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Annette Franz

Customer Care

Do Leaders Really Care About Their Employees?

The answer is critical to organizational success

Published: Tuesday, April 24, 2018 - 12:02

I had another column in the hopper, but when this article came across my desk, followed by a phone conversation with Bob Chapman, I knew I needed to write something different, something that is top of mind for me now—and often—as I work with my clients. The article? “Beyond Nice,” which you can find in Conscious Company magazine’s spring 2018 issue. It features Bob Chapman, CEO of Barry-Wehmiller, and his approach to leadership that we can and should all learn from. Sooner rather than later.

I’ve written about Chapman several times in the past, starting with a 2012 post about his TEDxScottAFB Talk:
“Truly Human Leadership: Everyone Matters”
“Define Your Employee-Centric Culture”
“Employee Engagement Strategy? Nay! Leadership Strategy”
“A Customer Experience Carol”
“‘Be Positive’ Is Not a Strategy”
“We Have a Crisis in Leadership”

I have followed Chapman since that first blog post back in 2012, and I’ve spoken to him twice since then. He’s a genuine and caring person, and I love how he’s trying to shift the leadership paradigm. And, clearly, I believe he’s on to something: We have a crisis in leadership.

Look at some of the stats:
• 88 percent of employees in the United States feel they work for a company that doesn’t care about them
• 75 percent of employees are disengaged
• 67 percent of employees don’t trust their leaders
• 50 percent of employees are dissatisfied with their jobs
• 7 percent of people in one survey said they’d been hospitalized due to workplace stress
• 120,000 deaths are due to workplace stress every year

Yikes!

Each one on its own is bad; all of them combined are insane. The problem: Leaders don’t care about their employees; instead, employees are viewed as a cog in the wheel to leaders’ success. Leaders drive toward growth, to numbers, and forget about the needs and the lives of the employees who help them get there.

Chapman notes that, “We measure success all wrong in this country. Many people have made millions, billions of dollars, who have incredibly broken personal lives. Would we view those people as successful? We are going to measure success by the way we touch the lives of people.”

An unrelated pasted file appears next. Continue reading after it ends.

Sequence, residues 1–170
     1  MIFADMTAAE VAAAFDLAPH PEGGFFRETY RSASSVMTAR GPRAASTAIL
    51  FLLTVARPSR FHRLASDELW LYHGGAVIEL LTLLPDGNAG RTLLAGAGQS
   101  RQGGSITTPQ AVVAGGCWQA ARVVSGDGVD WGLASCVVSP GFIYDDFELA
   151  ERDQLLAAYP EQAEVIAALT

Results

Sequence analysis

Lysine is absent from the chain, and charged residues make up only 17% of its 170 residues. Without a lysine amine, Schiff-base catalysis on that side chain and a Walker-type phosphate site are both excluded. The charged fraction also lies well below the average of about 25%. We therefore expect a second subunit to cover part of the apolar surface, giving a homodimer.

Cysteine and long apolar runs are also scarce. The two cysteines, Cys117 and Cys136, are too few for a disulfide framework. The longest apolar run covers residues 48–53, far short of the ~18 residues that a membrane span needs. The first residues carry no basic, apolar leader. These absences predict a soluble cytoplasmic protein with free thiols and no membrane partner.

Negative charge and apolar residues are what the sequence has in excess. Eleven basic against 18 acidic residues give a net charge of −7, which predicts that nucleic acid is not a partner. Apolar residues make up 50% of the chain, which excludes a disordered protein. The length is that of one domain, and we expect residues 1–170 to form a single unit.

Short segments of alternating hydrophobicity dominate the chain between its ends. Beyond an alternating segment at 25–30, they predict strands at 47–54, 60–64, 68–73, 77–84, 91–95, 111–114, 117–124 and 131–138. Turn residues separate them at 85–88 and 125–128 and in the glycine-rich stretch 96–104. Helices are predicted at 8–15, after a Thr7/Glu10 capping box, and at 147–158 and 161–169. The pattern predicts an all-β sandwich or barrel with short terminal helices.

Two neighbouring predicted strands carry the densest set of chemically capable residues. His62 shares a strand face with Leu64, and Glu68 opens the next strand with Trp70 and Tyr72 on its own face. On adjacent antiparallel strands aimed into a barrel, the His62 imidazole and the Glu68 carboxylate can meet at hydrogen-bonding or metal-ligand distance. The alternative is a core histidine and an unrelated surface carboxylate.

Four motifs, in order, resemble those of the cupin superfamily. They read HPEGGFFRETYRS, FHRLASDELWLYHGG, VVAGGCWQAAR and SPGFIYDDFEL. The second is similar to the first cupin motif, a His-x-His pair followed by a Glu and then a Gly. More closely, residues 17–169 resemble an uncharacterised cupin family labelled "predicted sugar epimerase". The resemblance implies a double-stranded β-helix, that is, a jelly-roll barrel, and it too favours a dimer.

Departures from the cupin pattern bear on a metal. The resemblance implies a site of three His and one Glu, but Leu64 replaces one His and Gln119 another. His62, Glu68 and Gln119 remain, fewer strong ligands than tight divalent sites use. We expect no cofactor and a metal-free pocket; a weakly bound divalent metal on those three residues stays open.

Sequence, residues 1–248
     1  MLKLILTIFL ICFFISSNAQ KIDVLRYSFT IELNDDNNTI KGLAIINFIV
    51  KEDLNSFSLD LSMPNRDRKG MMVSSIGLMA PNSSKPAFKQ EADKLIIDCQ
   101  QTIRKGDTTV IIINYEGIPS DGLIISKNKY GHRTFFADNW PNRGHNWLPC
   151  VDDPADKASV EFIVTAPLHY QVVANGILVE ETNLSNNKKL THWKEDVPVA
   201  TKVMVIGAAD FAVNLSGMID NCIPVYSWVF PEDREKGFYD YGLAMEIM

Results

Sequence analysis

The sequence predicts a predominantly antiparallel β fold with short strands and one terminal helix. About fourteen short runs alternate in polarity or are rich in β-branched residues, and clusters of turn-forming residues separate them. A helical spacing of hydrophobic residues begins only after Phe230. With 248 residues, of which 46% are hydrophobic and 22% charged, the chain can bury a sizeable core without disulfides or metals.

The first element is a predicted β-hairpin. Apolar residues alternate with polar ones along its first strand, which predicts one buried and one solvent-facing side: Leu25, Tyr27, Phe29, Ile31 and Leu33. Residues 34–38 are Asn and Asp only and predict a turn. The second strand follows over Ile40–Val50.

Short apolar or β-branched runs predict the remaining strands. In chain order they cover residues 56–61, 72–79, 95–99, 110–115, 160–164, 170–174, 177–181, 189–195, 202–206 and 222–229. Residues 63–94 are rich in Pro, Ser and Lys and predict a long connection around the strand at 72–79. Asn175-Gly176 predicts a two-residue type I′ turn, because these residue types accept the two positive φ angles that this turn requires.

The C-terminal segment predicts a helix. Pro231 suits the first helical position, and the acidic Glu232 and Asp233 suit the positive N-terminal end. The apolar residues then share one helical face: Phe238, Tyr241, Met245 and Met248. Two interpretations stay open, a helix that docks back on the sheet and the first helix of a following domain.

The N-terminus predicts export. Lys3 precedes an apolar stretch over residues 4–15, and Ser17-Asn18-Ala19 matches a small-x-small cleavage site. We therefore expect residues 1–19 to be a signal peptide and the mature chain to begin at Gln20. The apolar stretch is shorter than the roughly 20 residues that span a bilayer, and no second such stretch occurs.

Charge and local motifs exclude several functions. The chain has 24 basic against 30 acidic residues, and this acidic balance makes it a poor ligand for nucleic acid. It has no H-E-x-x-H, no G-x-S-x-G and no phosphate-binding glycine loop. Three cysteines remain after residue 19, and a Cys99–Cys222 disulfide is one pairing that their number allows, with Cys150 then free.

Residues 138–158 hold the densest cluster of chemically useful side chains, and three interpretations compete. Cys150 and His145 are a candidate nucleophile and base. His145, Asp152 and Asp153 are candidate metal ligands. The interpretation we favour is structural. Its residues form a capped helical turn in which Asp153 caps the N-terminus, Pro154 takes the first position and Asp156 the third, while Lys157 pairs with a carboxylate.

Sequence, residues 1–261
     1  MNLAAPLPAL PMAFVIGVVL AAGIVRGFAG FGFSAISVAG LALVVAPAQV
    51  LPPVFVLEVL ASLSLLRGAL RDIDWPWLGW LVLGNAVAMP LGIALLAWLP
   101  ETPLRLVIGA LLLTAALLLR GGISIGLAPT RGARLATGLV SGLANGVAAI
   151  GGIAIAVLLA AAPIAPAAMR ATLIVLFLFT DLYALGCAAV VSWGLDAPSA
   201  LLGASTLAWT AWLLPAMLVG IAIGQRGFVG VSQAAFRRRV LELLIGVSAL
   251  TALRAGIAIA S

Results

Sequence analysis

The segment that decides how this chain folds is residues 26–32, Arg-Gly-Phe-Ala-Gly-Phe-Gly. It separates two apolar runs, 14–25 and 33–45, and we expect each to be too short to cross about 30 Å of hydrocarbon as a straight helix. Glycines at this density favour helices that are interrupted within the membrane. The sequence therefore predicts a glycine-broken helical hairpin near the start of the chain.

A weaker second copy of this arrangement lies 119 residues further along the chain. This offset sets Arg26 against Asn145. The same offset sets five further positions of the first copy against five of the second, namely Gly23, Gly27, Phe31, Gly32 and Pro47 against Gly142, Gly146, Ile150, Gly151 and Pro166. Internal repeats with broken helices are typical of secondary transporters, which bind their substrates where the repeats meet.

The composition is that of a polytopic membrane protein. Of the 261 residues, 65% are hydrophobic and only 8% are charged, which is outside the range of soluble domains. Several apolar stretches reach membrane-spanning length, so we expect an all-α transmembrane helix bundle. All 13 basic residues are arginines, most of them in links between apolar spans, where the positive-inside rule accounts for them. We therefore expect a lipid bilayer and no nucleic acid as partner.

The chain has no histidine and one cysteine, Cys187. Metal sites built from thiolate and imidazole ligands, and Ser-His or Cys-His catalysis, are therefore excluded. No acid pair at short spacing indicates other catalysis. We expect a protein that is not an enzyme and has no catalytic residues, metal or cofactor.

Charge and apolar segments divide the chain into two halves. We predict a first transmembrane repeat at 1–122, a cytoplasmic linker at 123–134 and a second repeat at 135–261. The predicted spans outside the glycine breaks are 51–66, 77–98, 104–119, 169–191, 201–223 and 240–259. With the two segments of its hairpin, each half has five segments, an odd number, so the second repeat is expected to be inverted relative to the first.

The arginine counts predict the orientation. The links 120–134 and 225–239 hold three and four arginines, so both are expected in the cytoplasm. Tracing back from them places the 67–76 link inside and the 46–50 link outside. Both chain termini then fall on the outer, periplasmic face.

Imagine the employee experience if that were the case, if leaders cared about employees, their families, and their well-being. And if they measured success by how they touched their employees’ lives. A little humanity and humaneness would go a long way.

How do leaders turn things around? First and foremost, it’s a choice. Everything we do in our lives, as humans, as leaders, is a choice. Choose to lead differently. Choose to align with the rest of the leadership team and the goals of the business. Choose to care. How?
• Leaders must choose to put their employees’ well-being ahead of all other goals and outcomes. It starts with the CEO and the executive team. The choice is theirs.
• Establish core values and guiding principles that set the tone for the company culture, one that puts people first.
• Create an environment based on trust, respect, and caring.
• Adopt a servant-leader mentality.
• Take a look at the checklist in the “Beyond Nice” article; it provides a dozen essential actions that leaders must take. Put a check next to those you already do, and look inward for the ones that you don’t.

The bottom line is this: When leaders take care of their people, their people take care of the business.

“When you look at somebody as somebody’s precious child that you have a chance to impact, it profoundly changes the way you view people,” says Chapman. “They are no longer a function for your success.”

First published on the CX Journey blog.

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About The Author

Annette Franz’s picture

Annette Franz

Annette Franz, CCXP is founder and CEO of CX Journey Inc. She’s got 25 years of experience in both helping companies understand their employees and customers and identifying what drives retention, satisfaction, engagement, and the overall experience – so that, together, we can design a better experience for all constituents. She's an author (she wrote the book on customer understanding!), a speaker, and a customer experience thought leader and influencer. She serves as Vice Chairwoman on the Board of Directors of the Customer Experience Professionals Association (CXPA), is an official member of the Forbes Coaches Council, and is an Advisory Board member for CX@Rutgers.